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Why the Weird Visions in Ezekiel?



By John A Carroll


Week 46 in the Word—November 12-18, 2021


This week, if you are following the Concealed and Revealed schedule, we will conclude Hebrews and begin our reading in Ezekiel. If you know anything about that latter book, you know that its author describes visions which are among the most confusing and bizarre in all the Bible—perhaps in all of literature.


What are we to make of these visions?



Take Ezekiel 1. The prophet tells us he saw a storm with wind, clouds, and fire—scarry but not unnatural, yet. However in the storm, he saw four living creatures with human appearances. Each creature had four faces (one human, one like a lion, one like an ox, and one like an eagle). They had four wings each which allowed them to fly with blinding speed as fire and lightning raged around them. Nearby were four wheels each having four more wheels within and eyes all over. They moved in sync with the living creatures at breakneck speed.


Above this sight, Ezekiel saw an expanse, a throne, and a likeness with a human appearance. A voice came from the expanse.


Who can truly picture this description? I have not even mentioned all of Ezekiel’s details. I confess my inadequacy. But that is the point, because next the prophet says, “Such was the appearance of the likeness of the glory of the Lord.” What did he do? He goes on to say “…when I saw it, I fell on my face, and I heard the voice of one speaking” (Ezek. 1:28b). He worshipped and he listened.


Neither the prophet nor all who read this are meant to fully comprehend the description. We are meant to do what Ezekiel did—perceive the likeness of the glory of the LORD and fall on our faces in worship. Better to do that than to dismiss the vision as the nightmarish musings of a demented mind or to get bogged down attempting to make graphic reproductions of the scene.


We are meant to be stunned, overwhelmed, and awe-struck at the sight that Ezekiel observed and that should drive us to fear God and worship Him in spirit and in the truth of His great power, holiness, and wisdom. There is none like Him. He is majestic, beyond imagination and description, invincible, unstoppable, supreme in every perfect and good way. He is infinite—space cannot contain Him, He is eternal—without beginning or end, unchangeable—His perfections mean He can never get better or be diminished. As you read Ezekiel and Hebrews consider how the Scripture reveals God in truth so that we may worship Him as He deserves.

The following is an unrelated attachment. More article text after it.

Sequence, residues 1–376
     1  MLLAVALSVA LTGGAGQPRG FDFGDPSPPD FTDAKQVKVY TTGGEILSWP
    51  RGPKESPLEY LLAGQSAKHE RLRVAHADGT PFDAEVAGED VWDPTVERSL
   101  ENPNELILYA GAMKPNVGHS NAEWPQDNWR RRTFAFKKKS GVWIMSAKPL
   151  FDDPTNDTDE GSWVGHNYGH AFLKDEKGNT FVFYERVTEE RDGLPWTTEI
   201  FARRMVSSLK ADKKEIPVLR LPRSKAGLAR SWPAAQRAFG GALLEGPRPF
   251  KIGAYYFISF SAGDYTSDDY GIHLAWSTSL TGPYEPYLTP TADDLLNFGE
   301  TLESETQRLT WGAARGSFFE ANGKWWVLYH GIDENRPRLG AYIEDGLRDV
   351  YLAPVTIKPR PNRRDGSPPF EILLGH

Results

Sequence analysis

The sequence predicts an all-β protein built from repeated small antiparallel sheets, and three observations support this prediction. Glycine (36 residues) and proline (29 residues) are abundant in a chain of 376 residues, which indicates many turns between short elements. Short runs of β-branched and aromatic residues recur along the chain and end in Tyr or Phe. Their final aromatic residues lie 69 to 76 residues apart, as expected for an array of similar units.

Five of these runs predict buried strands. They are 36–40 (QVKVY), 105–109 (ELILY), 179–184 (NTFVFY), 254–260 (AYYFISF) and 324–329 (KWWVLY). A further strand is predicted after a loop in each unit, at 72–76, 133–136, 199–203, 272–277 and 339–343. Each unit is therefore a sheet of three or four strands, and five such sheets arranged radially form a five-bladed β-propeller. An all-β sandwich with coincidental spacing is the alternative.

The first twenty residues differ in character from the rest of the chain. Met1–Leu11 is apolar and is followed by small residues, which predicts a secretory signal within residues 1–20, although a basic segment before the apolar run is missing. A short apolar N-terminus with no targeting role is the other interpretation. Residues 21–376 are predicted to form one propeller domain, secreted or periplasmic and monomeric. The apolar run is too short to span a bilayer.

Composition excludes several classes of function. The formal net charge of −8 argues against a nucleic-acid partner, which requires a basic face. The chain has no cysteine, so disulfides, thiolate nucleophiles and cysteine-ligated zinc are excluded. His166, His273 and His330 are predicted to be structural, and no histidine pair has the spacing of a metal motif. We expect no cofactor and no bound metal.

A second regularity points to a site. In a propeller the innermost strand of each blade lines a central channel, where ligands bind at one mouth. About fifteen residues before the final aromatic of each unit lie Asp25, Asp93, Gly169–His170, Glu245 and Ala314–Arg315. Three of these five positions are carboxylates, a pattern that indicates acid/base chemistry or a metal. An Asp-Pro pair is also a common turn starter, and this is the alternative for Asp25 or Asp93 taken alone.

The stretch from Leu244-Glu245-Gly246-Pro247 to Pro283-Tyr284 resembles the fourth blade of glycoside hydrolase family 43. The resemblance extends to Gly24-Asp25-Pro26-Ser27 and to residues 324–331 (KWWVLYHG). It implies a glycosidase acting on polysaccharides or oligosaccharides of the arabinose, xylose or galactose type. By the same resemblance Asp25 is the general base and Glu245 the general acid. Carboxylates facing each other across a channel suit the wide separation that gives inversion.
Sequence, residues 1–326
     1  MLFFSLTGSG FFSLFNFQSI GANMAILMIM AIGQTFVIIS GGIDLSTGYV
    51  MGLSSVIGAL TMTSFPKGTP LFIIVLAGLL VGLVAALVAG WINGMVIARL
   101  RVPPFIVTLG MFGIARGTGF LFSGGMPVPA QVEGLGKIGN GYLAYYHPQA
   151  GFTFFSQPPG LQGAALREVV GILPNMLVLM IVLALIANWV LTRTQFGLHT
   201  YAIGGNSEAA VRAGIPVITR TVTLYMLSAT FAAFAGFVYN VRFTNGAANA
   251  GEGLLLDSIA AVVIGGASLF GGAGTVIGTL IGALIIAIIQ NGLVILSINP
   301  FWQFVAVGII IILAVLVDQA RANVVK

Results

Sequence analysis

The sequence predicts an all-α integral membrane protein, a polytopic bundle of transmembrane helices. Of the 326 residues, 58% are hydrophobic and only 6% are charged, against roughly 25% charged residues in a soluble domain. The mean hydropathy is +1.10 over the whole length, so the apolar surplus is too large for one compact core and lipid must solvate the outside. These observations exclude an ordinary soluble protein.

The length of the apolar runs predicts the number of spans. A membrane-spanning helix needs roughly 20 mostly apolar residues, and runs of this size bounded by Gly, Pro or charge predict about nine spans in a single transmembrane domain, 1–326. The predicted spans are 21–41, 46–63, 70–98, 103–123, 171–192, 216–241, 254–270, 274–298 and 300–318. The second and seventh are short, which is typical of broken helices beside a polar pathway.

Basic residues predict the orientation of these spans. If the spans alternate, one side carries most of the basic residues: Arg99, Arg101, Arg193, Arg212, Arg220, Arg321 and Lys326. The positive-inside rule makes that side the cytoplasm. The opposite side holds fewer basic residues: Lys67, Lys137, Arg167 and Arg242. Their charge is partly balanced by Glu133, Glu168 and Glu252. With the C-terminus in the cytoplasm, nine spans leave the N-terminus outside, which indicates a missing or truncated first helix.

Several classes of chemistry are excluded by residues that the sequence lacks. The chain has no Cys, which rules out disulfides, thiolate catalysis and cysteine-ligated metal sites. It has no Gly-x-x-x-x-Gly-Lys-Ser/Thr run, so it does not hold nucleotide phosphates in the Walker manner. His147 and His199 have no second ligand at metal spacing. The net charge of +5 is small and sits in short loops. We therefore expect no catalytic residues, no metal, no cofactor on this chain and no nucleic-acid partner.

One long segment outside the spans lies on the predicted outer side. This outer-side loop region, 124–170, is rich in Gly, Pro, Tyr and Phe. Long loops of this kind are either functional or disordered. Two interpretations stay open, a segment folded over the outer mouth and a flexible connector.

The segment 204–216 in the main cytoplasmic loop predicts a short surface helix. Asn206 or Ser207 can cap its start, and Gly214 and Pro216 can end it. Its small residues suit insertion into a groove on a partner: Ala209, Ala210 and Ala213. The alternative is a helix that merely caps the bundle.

As we will see, Ezekiel would need an accurate knowledge of the LORD who called him, for his job would be difficult and even fruitless from a human point of view. Ezekiel would be taken into dark places to see the reasons why God was bringing down the kingdom of Judah, her capitol, Jerusalem and even the temple. A deep knowledge of God would be essential to him, and he gained that knowledge because, through a strange vision, the LORD revealed it to him and to us through him.



To serve God, we must know Him deeply, being convinced that He holds all power and authority in heaven and on earth. What He sends us to do, He equips us to accomplish. His Word is the primary means for that equipping. So have a great week in the Word and let the truth of God inform you and overwhelm you. He is far above and beyond even the best and highest thoughts that we can conceive. Ezekiel’s vision demonstrates that. We will not understand the vision, but we will experience its intended purpose—listen, believe, know Him, and worship. That is enough.


Week of November 12-18, 2021


November 12/Day 316 Two Traits of True Believers (Ezekiel 1-3; Hebrews 9)

November 13/Day 317 Why the Good News Is So Good (Ezekiel 4-6; Hebrews 10:1-25)

November 14/Day 318 Holy Judge or Cosmic Cupcake? (Ezekiel 7-9; Hebrews 10:26-29)

November 15/Day 319 Arrogant Unbelief vs. Unwavering Faith (Ezekiel 10-12; Hebrews 11:1-19)

November 16/Day 320 Commended by God (Ezekiel 13-15; Hebrews 11:20-40)

November 17/Day 321 God Never Lets Us Go (Ezekiel 16; Hebrews 12)

November 18/Day 322 Ending Well (Ezekiel 17-19; Hebrews 13)


This schedule and devotionals are taken from my book Concealed and Revealed: a year in the old and new testaments. Available here.

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